Geoffrey Chaucer, often called the “father of English”, is known as one of history’s greatest poets. Spinning fantastic tales of medieval life, Chaucer brought to life English in a way no other poet of his time could; when everyone was writing in Anglo-Norman, Chaucer bucked trends and wrote in English, a defiance against language conventions at the time. Making his living as a royal clerk while writing at night, Chaucer’s texts told stunning tales of fantasy and reality.
Today, his The Canterbury Tales stands the test of time. Read and studied by every true fan of English literature, the Tales tell how a collection of pilgrims come together at an inn and tell stories; with each lusting after the prize offered by their host for who can tell the best story, what transpires is a lucid account of the medieval Man as brought to life by an amazingly talented poet.
Though Chaucer is not as well-known as his contemporaries today—he certainly does not have the same reputation of Shakespeare or even John Milton—he remains an integral part of English literature and even language. His magnum opus concerning pilgrims and the stories they tell manages to retain its charm despite the passing of the centuries and the lack of relative praise and Hollywood-esque adaptations.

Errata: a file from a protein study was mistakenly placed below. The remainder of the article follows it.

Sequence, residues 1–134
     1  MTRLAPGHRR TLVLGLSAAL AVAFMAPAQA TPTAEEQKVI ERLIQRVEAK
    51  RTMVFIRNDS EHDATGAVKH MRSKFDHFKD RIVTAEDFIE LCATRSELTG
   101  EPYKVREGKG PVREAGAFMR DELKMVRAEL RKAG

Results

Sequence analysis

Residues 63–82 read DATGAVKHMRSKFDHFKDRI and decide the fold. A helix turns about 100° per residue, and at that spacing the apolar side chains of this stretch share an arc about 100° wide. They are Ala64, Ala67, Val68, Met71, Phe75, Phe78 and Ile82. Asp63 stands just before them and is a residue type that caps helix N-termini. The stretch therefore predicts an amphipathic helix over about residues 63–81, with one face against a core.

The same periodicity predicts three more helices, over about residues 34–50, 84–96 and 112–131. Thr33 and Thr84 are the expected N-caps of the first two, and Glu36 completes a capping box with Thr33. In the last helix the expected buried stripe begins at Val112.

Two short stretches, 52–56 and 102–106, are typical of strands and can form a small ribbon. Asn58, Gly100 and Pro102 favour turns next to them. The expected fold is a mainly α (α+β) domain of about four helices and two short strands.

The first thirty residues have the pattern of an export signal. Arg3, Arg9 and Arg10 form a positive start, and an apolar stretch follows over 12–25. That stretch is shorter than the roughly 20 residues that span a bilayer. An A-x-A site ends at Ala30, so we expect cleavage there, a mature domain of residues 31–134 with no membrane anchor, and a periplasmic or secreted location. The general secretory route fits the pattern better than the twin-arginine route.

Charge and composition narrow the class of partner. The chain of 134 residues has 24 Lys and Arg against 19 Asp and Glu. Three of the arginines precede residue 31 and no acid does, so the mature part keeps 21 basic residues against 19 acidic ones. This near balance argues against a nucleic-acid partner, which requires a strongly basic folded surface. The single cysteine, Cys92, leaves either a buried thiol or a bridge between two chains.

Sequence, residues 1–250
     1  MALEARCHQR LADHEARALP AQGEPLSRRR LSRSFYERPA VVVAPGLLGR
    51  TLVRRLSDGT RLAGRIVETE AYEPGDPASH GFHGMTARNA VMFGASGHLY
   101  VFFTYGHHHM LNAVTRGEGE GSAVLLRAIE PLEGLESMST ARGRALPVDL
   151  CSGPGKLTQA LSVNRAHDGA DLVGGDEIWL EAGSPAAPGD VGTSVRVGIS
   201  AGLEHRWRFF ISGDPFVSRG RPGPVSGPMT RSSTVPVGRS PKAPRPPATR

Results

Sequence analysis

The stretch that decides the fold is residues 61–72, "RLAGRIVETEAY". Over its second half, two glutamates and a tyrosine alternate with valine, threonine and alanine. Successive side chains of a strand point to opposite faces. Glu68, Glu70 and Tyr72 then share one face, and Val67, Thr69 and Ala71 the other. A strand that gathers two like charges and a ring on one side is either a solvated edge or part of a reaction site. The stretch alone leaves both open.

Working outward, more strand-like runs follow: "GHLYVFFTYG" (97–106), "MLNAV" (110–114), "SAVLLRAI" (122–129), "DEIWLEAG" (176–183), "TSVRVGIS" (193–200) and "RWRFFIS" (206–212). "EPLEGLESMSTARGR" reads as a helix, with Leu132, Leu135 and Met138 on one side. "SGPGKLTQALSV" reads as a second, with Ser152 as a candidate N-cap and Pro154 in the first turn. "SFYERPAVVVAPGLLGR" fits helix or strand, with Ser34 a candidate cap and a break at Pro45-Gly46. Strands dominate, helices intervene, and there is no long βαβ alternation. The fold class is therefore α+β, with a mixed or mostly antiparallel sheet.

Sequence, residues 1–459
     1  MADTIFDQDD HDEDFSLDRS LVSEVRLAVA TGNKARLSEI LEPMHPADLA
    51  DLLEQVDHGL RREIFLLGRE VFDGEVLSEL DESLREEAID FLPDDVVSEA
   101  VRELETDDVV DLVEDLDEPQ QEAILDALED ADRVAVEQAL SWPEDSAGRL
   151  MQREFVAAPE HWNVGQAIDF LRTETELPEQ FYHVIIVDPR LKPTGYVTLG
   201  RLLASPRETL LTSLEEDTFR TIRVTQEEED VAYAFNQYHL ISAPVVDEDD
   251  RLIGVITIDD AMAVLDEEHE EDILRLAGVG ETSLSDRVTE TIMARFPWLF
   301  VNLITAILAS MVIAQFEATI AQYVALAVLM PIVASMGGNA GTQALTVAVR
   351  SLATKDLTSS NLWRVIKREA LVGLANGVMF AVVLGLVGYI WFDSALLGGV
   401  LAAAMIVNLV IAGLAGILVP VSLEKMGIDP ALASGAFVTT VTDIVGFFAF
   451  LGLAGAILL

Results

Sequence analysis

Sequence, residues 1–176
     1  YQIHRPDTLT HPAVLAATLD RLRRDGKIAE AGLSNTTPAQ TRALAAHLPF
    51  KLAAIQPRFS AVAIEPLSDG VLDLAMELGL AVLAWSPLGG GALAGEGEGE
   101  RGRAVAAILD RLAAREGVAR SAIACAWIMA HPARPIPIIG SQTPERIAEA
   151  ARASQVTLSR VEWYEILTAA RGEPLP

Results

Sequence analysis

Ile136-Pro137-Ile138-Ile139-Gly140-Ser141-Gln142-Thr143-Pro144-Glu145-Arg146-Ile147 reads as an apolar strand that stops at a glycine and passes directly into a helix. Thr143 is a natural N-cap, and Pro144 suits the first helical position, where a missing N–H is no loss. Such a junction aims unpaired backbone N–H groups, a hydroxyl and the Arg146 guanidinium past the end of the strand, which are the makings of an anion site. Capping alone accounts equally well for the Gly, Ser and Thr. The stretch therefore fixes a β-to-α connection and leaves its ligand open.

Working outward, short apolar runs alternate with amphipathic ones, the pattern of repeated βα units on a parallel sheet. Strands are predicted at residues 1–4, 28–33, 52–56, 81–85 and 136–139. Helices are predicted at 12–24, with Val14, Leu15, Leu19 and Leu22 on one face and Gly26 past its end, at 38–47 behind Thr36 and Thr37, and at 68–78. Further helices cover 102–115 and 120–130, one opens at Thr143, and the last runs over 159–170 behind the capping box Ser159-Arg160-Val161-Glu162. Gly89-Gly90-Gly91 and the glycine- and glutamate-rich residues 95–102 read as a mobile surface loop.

For this reason, it is a fun find to discover a critical engagement with Chaucer which breaks new ground. Hence, the existence of this series—introducing “Chaucer and Today”, a critical appraisal and commentary series on works adapting Chaucer’s works into contemporary language and meaning.
Join us as we delve into this oft unappreciated niche and find what makes the medieval man today tick! Comment and suggest texts to tackle and help make this project go from one to sixty in a matter of seconds! Regardless, sit back and enjoy the ride.